Case No. 10-C-0384.
April 21, 2011
Ray A. Young filed a this petition pursuant to 28 U.S.C. § 2254, asserting that his state court conviction and his revocation sentence were imposed in violation of the United States Constitution. Young submits that he was convicted of violating a restraining order in Milwaukee County Circuit Court on February 23, 2010, and sentenced to nine months incarceration followed by eighteen months of probation. He indicates that he is appealing this conviction. However, it appears that Young's probation was revoked and that he is incarcerated at the Milwaukee County House of Corrections.
Although Young filed his petition on the § 1983 complaint form and used the § 2241 caption page, because he "is in custody pursuant to a state court judgment" and "wishes to challenge [some]thing affecting that custody," he must bring his case under § 2254.
Apparently, the incarceration portion of Young's sentence was stayed.
Although Young does not inform the court of this in the "Subject of the Petition" portion of the petition, this explanation of his first ground for relief makes clear that his probation was revoked for his statement viewed by his agent as a threat to his ex-wife and his failure to sign an affidavit rescinding his right to vote. See Pet. For Writ of Habeas Corpus at 8-9.
Accompanying, Young's petition is a request to proceed in forma pauperis. Under Rule 3 of the Rules Governing § 2254 Cases, a petitioner is required to file an affidavit of indigence as required by § 1915. Young submitted this affidavit and his Prisoner Trust Account Statement indicating that the ending balance was $10.61. The fee to initiate a habeas case is $5.00. Because it appears that Young is unable to pay the $5.00 filing fee, the court finds good reason to grant his request to proceed in forma pauperis.
Initially, the court must consider the petition pursuant to Rule 4 of the Rules Governing § 2254 Cases, which reads:
If it plainly appears from the petition and any attached exhibits that the petitioner is not entitled to relief in the district court, the judge must dismiss the petition and direct the clerk to notify the petitioner. If the petition is not dismissed, the judge must order the respondent to file an answer, motion, or other response within a fixed time, or to take other action the judge may order.
Generally, the court reviews whether the petitioner has set forth cognizable constitutional or federal law claims and has exhausted available state remedies. However, in the instant case, the court will not review Young's claims because it is apparent that the relief he is requesting cannot be granted in this proceeding.
Young's request for relief asks this court for "[a]n immediate order to restore me to the martial home (my wife has already lost one property), remove the temp order to allow her possession of 2003 PT Cruiser. Freeze accounts and Security Boxes [sic] at three banks hold [sic] by my wife: Seurant [sic] at 60th + Capitol, Bank Mutual at 49th + Burleigh, and Independence Bank Bay City, MZ [sic]." Pet. for Writ of Habeas Corpus at 12. Upon reviewing the petition, it is clear that Young's requests are barred by the Rooker-Feldman doctrine. See Rooker v. Fid. Trust Co., 263 U.S. 413 (1923); D.C. Court of Appeals v. Feldman, 460 U.S. 462 (1983). Pursuant to this doctrine, lower federal courts cannot review state court decisions; only the Supreme Court has appellate jurisdiction to reverse or modify a state court judgment. Holt v. Lake County Bd. of Comm'rs, 408 F.3d 335, 336 (7th Cir. 2005). District courts have no jurisdiction over "challenges to state-court decisions in particular cases arising out of judicial proceedings even if those challenges allege that the state court's action was unconstitutional." Feldman, 460 U.S. at 486; Leaf v. Supreme Court of Wis., 979 F.2d 589, 596 (7th Cir. 1992). The doctrine precludes lower federal courts from exercising jurisdiction "when, after state proceedings have ended, a losing party in state court files suit in federal court complaining of an injury caused by the state-court judgment and seeking review and rejection of that judgment." Holt, 408 F.3d at 336. Similarly, "if the federal injury is `inextricably intertwined' with the state court judgment, Rooker-Feldman bars the federal action." Crestview Vill. Apartments v. U.S. Dep't of Housing Urban Dev., 383 F.3d 552, 556 (7th Cir. 2004).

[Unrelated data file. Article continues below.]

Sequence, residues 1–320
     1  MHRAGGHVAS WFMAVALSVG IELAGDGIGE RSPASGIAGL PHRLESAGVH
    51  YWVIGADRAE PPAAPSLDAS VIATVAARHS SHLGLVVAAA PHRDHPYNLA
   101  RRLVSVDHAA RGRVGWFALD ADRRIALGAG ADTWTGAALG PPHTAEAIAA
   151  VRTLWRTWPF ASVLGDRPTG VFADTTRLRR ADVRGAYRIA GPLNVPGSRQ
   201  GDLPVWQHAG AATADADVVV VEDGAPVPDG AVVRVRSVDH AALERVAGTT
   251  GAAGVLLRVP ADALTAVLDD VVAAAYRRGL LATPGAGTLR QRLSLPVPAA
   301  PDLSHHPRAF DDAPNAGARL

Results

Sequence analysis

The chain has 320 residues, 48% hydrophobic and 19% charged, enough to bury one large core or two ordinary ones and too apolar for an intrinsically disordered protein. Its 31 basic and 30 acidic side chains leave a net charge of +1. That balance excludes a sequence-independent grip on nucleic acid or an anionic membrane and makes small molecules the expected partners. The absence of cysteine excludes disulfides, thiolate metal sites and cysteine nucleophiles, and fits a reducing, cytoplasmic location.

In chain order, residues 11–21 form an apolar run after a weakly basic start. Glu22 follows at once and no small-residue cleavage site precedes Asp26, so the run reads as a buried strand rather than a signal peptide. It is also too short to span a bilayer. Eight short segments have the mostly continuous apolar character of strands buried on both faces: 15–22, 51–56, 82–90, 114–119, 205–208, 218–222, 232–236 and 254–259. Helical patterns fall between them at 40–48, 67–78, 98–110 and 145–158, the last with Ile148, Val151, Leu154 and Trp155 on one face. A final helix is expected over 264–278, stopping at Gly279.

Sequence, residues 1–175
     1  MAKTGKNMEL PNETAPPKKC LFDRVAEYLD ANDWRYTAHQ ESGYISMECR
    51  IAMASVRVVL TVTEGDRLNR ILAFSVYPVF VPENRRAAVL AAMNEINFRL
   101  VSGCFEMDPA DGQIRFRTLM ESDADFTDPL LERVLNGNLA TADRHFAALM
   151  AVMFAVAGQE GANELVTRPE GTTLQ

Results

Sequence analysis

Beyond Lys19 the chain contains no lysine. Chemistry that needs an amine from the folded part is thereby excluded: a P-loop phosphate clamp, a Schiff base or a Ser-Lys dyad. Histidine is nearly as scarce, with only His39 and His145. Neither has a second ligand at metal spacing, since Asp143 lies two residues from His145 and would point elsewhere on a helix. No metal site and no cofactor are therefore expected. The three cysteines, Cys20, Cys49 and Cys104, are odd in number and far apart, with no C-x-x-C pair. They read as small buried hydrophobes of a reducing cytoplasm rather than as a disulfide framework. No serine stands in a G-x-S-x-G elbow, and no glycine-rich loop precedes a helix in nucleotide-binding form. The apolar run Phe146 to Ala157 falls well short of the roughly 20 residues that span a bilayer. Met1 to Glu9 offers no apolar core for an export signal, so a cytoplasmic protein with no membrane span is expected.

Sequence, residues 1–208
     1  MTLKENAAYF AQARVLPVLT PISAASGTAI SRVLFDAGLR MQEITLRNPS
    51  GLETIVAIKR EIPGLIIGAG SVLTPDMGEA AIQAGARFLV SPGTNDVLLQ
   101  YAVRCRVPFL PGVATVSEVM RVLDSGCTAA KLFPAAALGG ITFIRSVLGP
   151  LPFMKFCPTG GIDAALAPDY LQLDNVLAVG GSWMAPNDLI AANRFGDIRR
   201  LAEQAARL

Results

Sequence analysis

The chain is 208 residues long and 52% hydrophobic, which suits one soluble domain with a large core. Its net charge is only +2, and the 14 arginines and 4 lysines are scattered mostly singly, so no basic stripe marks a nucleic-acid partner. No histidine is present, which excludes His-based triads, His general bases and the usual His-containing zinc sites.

Because Young is seeking review of the state court's decisions relating to his divorce, this court lacks subject-matter jurisdiction to entertain his claims in accordance with the Rooker-Feldman doctrine. In other words, this court has no authority to hear this case.
Finally, pursuant to Rule 11(a) of the Rules Governing § 2254 Cases, the court must issue or deny a certificate of appealability "when it enters a final order adverse to the applicant." A certificate of appealability will issue "if the applicant has made a substantial showing of the denial of a constitutional right." 28 U.S.C. § 2253(c)(2). An applicant makes a "`substantial showing where reasonable jurists could debate whether (or, for that matter, agree that) the petition should have been resolved in a different manner or that the issues presented were adequate to deserve encouragement to proceed further.'" Sandoval v. United States, 574 F.3d 847, 852 (7th Cir. 2009) (quoting Arredondo v. Huibregtse, 542 F.3d 1155, 1165 (7th Cir. 2008)). Here, there is no question that Young fails to make the requisite "substantial showing" as (1) the Rooker-Feldman doctrine leaves the court with no authority to grant Young the relief he seeks.
For these reasons,
IT IS ORDERED that Young's petition and affidavit to proceed without payment of fees and/or costs is granted.
IT IS FURTHER ORDERED that Young's petition for a writ of habeas corpus is denied.
IT IS FURTHER ORDERED that a certificate of appealability is denied.
IT IS FURTHER ORDERED that this case is dismissed.